Free City College passes 9-1 — will Mayor Ed Lee defy the board and the voters?

There's money for this. There's massive support. What's up with the mayor?

The Board of Supes, by a 9-1 majority, directly challenged Mayor Ed Lee today and appropriated funding to make City College free for all residents.

That means the mayor, who has said he won’t spend the money, is now defying both the voters and nearly every member of the board – along with most of the labor movement and thousands of education and community activists.

Supporters of Free City College celebrate after a 9-1 vote
Supporters of Free City College celebrate after a 9-1 vote

“A deal is a deal, a promise is a promise,” said Sup. Aaron Peskin, who noted that the board made it very clear when Prop W was put on the ballot that the money that measure raised would go for free City College.

Sup. Jane Kim, who sponsored the measure, made an inspired speech explaining that free City College – for all – is just a continuation of the commitment the nation made more than a century ago to provide free K-12 education.

VIDEO OF KIM SPEECH IF WE HAVE IT

“If I put forward an ordinance to means test K-12 public education, I’d be run out of town,” she said.

The mayor says he wants to take some of the money from Prop. W and use it for other city needs; his sales tax failed, and that leaves the budget in the hole.

Kim noted that the income and wealth gap in San Francisco is the worst of any city in the nation. Prop. W adds a modest tax increase on the sale of property worth more than $5 million – and the soaring value of that property is not something any individual earned or created.

“The reason that property is so valuable is that we made this city great,” she said. We all created that value.”

The only board member – Mark Farrell – voted no, saying that there are other more important city priorities. “I don’t hear every day about free City College,” he said. “I do hear daily about getting people off the streets and making residents feel safe in their homes.”

But Kim said that the voters didn’t approve Prop.W “to solve the financial problems of the city. We did it to make City College free.”

Before the vote, about 100 supporters of City College strolled the halls, stopping in front of supervisors’ offices and the Mayor’s Office and singing carols urging support for making school tuition free.

Several college board members, including John Rizzo and newly elected member Tom Temprano, were on hand, as were union leaders and the executive director of the Labor Council, Tim Paulson.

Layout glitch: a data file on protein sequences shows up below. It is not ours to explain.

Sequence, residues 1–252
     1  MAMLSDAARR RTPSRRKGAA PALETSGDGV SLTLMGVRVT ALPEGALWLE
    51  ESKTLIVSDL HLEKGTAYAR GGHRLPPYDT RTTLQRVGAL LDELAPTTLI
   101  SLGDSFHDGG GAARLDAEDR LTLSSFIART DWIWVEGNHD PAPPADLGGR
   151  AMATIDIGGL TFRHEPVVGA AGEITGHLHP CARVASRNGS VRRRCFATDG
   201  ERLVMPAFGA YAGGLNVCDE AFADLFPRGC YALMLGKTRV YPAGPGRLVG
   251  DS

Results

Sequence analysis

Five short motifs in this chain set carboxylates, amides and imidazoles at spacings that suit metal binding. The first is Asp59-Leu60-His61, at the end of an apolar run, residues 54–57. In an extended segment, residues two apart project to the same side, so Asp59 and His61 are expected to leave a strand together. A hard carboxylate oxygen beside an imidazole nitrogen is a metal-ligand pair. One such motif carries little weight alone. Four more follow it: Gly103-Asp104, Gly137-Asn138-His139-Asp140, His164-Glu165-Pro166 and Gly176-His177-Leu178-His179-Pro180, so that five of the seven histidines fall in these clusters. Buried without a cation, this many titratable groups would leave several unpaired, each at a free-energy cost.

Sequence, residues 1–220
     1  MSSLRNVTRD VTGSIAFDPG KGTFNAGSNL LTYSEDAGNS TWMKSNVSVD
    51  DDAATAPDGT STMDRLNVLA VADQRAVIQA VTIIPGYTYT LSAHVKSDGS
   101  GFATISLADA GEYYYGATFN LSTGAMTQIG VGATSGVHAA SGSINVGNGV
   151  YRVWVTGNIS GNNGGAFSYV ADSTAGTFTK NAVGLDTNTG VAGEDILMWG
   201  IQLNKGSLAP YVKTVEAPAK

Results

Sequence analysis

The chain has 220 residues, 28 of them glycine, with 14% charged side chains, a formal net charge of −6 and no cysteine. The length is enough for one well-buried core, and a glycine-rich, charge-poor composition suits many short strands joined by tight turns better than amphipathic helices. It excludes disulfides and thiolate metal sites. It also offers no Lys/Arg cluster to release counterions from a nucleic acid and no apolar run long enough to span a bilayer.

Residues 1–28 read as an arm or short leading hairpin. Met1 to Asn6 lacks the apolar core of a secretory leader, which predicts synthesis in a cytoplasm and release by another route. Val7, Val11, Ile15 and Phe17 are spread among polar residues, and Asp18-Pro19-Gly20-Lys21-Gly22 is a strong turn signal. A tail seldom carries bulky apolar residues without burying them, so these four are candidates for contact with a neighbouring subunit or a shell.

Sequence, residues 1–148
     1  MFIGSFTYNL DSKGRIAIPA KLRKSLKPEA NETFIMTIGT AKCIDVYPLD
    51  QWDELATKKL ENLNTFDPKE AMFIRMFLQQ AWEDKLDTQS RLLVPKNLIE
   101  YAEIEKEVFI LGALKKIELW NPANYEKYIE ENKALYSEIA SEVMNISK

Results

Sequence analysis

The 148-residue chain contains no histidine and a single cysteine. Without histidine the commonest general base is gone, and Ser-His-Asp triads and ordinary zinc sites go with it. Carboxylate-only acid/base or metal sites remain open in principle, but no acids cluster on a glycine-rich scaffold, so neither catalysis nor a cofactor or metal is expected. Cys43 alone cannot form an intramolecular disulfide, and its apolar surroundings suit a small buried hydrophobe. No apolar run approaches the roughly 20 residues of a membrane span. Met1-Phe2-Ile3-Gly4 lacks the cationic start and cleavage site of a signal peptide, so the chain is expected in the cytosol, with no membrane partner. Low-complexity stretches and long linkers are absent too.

VIDEOS

Tim Killikelly, president of Local 2121

Alissa Messer, representative at large, Local 2121

Tim Paulson, director, SF Labor Council

This was only the first chapter of what apparently will be a long fight: The mayor still has to change his mind and agree to spend the money. That will take continued organizing and lobbying.

But seriously: Can Lee actually defy not only 61 percent of the voters but almost all of the supervisors?

I was going to ask him today, but he didn’t show up at the board for Question Time.

Kim noted that “we have to think about how we solve big problems” as cities these days. Yeah, it costs money – but more and more over the next four years, San Francisco is going to have to find new revenue sources and take bold steps to challenge the Trump Era. Free City College is one of those steps.

  • kyoung21b

    Interesting combination of recent news re. CCSF. This combined with the latest Nanette Asimov CCSF hit piece in the grate, could leave one rather confused. As usual Asimov briefly mentions “the accreditation troubles” without any context other than the implication that it was completely due to administrative incompetence at CCSF (I’m sure there was plenty of that in addition to the criminal behavior of the ACCJC but she seems to somehow never mention the latter). But if there is any shred of truth in her latest column re. the assessment of a rather large penalty (I believe it was $ 39 million) that has to be repaid for poor accounting re. online classes, combined with the existing enrollment and budget problems, it’s not clear there will be anything left to offer as free CCSF. That combined with the fact that it appears that the ACCJC issues won’t be resolved until long after the oily shit storm in DC has insured the destruction of humanity, leaves one wondering re. the future of CCSF.

  • curiousKulak

    Well, the measure wasn’t specifically about forwarding taxes to CCSF. And at 61% YES, one could say that it wouldn’t have passed muster if it had needed the 2/3 vote. So actually the Will of the Voters was to tax-the-rich. I’m surprised 38% didn’t agree. Or maybe they missed the wink-wink about City College.

    As for the latest news about CCSF … while the ACCJC was hoaky and run like a private club, that doesn’t mean there wasn’t something wrong at 50 Phelan Ave.

    Sure hate to see the Basket-weaving classes go.

    • Geek__Girl

      The issues that the ACCJC raised did not remotely justify pulling City College’s accreditation. Especially considering that ACCJC fully accredited Corinthian, which ran frauds like Heald.

  • Geek__Girl

    Lee would rather funnel millions to Randy Shaw than actually do what’s right.

  • sebra leaves

    What is the point in giving voters the chance to vote on an issue if that vote is ignored? Elected officials work for the public, not the other way around. If you don’t want to serve the will of the people you should not run for public office.

    • curiousKulak

      Again – voters were asked to soak the rich, not fund CCSF.

      They got what they voted for.

      And looks like they wouldn’t vote to fund CCSF anyway, judging by the 61% YES.

  • Charles Barragan

    “VIDEO OF KIM SPEECH IF WE HAVE IT” = I guess you don’t…but then again this is print media kinda sorta…

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